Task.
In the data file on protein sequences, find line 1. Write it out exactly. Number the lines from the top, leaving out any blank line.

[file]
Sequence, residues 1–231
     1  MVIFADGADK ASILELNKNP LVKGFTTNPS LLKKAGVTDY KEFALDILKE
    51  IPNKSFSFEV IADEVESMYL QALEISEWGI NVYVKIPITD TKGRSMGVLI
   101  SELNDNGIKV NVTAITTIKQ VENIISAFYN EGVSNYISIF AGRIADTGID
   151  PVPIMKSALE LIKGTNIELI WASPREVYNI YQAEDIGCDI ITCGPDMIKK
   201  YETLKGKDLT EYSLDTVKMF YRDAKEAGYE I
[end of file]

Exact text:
Sequence, residues 1–231